Antibody was adsorbed to polyvinylchloride wells coated with β peptide or tPA as described above. Isotype was determined by enzyme-linked immunoassay according to the manufacturer's protocol and with the accompanying reagents. The N-terminal amino acids of purified 59DB (10 residues), TCL8 (21 residues), and F36.23 (10 residues) were sequenced on an Applied Biosystems (Foster City, Calif.) 470A Protein Sequencer. High performance liquid chromatography was performed in an Applied Biosystems 120A PTH apparatus Analyzer and the data was analyzed with an on-line Shimadzu (Columbia, Md.) C-R3A Chromatopac Integrator.
Preparation of Fibrin Fragment D2E
Human fibrinogen (50 mg) was dissolved in distilled water and passed through a 0.45-micron filter into a solution of 5 ml Tris buffer (0.1M, pH 7.4) with 0.1M NaCl, 0.02% sodium azide, 37.5 μl CaCl2 (2M), 5 μl thrombin, and 100 μl Factor XIII. After 2 h, 1 ml of plasmin was added and the clot was incubated overnight at 37° C. Supernatant was filtered through a 0.45-micron filter and 0.5 ml of aprotinin was added. D2E was purified by fast protein liquid chromatography and the major peak (corresponding to 215 kD) was collected. Diluted D2E was stored in 1M sodium bromide with 0.05M sodium acetate, pH 5.3.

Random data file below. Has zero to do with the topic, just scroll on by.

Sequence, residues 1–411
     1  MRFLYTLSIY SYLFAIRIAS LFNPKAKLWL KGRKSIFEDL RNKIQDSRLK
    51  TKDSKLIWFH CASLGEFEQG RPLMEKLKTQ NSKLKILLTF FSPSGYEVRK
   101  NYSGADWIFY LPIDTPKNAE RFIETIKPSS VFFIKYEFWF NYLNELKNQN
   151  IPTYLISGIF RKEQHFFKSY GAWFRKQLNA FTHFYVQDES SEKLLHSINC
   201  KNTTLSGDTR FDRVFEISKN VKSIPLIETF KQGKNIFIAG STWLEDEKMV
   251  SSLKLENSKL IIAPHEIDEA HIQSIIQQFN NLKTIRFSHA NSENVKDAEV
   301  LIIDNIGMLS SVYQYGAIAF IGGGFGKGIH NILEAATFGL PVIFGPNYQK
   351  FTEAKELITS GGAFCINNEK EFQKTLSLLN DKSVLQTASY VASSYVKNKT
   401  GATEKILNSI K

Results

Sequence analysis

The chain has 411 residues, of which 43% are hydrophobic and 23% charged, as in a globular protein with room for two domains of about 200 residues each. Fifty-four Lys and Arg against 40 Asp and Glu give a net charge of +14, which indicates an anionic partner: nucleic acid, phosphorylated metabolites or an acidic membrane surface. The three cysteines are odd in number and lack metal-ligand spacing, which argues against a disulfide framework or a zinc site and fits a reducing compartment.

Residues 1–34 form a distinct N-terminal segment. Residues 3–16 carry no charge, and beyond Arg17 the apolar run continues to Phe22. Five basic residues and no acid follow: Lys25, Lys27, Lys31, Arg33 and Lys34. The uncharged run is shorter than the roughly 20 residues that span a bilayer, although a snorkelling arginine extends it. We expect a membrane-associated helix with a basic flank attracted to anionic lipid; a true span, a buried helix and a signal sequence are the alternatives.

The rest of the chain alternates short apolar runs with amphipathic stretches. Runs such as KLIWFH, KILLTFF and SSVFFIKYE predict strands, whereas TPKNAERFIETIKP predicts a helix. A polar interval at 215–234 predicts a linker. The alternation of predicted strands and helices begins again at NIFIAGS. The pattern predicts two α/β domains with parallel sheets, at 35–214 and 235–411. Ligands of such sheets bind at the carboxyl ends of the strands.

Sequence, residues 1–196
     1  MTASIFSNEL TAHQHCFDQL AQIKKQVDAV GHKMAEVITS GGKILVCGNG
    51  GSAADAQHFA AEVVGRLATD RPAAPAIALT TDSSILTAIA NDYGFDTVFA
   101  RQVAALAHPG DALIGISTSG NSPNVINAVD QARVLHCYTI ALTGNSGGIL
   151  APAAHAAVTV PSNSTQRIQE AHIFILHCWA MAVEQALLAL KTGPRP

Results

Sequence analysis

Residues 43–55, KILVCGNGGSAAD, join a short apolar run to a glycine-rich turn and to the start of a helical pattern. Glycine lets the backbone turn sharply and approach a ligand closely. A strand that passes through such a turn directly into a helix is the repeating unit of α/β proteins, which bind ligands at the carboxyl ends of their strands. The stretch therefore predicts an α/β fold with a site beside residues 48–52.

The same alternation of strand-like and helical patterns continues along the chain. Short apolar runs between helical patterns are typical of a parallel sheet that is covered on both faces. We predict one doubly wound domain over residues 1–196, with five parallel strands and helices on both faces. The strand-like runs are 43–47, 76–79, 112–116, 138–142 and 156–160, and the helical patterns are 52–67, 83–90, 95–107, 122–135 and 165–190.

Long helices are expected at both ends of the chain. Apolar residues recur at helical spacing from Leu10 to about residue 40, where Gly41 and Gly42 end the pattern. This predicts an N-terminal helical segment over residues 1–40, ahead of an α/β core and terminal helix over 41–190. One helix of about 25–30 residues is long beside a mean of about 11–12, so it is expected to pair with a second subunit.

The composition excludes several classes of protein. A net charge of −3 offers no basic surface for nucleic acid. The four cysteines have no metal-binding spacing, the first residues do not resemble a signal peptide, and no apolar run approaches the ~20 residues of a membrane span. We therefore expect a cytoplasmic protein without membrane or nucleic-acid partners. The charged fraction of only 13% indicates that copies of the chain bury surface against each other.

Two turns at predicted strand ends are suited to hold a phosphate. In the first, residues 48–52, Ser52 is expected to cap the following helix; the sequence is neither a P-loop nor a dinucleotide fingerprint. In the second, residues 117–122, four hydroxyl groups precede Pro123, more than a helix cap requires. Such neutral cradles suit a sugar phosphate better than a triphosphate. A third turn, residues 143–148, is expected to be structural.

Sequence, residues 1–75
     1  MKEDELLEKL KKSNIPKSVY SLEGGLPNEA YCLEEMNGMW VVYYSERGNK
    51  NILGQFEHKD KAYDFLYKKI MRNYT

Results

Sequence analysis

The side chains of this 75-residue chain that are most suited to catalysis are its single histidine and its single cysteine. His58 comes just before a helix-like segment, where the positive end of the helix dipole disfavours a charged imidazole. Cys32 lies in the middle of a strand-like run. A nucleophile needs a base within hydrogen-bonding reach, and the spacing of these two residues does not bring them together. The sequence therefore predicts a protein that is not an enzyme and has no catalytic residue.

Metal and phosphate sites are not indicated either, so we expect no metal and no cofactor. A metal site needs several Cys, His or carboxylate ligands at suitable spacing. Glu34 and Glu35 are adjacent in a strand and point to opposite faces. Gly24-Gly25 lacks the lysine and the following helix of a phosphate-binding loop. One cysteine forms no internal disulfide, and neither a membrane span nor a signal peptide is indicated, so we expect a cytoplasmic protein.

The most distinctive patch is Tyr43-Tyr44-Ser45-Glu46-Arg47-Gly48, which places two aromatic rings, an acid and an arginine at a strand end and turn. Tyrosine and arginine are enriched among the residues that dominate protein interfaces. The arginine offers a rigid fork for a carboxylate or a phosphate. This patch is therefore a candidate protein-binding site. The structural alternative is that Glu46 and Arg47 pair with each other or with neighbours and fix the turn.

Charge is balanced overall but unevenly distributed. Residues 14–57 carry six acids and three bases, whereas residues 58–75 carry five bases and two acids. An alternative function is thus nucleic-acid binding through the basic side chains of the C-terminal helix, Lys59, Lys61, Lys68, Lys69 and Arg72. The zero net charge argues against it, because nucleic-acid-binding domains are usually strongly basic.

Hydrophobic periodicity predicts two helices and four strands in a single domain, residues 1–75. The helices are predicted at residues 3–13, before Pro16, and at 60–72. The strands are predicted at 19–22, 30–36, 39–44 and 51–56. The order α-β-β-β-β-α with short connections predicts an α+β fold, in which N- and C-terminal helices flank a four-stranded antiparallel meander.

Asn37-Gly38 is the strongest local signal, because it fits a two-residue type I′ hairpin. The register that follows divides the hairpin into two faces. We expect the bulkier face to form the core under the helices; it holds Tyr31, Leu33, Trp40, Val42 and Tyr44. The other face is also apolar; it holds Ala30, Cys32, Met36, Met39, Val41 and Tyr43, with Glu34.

Preparation of Fibrin Monomer
Fibrin monomer was prepared from human fibrinogen as described (Hui, K. Y., et al., Science 222:1129-32 (1983)), with the following modifications. Fibrinogen (60 mg) was dissolved in 4 ml of iodoacetamide (4 mg/ml) and passed through a 0.45-micron filter. Bovine thrombin (1000 units/ml) in an equal volume of potassium phosphate buffer (100 mM, pH 7.0) containing ethylene diamine tetraacetic acid (50 mM) and aprotinin (0.0022 TIU) was added. The resulting clot was blotted on filter paper and washed 4 times with 10 ml of PBSA containing 0.1 mM phenylmethyl sulfonyl fluoride. The clot was solubilized in a 1-M sodium bromide solution in 0.05M sodium acetate buffer, pH 5.3.
Radioimmunoassays to Assess Dual Specificity